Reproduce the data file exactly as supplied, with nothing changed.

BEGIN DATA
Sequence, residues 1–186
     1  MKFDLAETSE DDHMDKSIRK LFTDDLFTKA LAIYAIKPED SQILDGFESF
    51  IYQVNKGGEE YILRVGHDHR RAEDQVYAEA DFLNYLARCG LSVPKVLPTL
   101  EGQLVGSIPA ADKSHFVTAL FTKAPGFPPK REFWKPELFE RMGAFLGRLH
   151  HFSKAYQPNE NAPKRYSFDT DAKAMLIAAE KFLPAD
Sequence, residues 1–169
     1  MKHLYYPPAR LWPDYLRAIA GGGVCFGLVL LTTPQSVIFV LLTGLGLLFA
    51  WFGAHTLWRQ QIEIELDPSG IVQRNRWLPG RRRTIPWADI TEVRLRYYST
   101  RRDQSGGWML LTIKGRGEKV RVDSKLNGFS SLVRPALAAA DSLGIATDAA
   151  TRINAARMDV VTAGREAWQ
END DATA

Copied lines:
Sequence, residues 1–186
     1  MKFDLAETSE DDHMDKSIRK LFTDDLFTKA LAIYAIKPED SQILDGFESF
    51  IYQVNKGGEE YILRVGHDHR RAEDQVYAEA DFLNYLARCG LSVPKVLPTL
   101  EGQLVGSIPA ADKSHFVTAL FTKAPGFPPK REFWKPELFE RMGAFLGRLH
   151  HFSKAYQPNE NAPKRYSFDT DAKAMLIAAE KFLPAD
Sequence, residues 1–169
     1  MKHLYYPPAR LWPDYLRAIA GGGVCFGLVL LTTPQSVIFV LLTGLGLLFA
    51  WFGAHTLWRQ QIEIELDPSG IVQRNRWLPG RRRTIPWADI TEVRLRYYST
   101  RRDQSGGWML LTIKGRGEKV RVDSKLNGFS SLVRPALAAA DSLGIATDAA
   151  TRINAARMDV VTAGREAWQ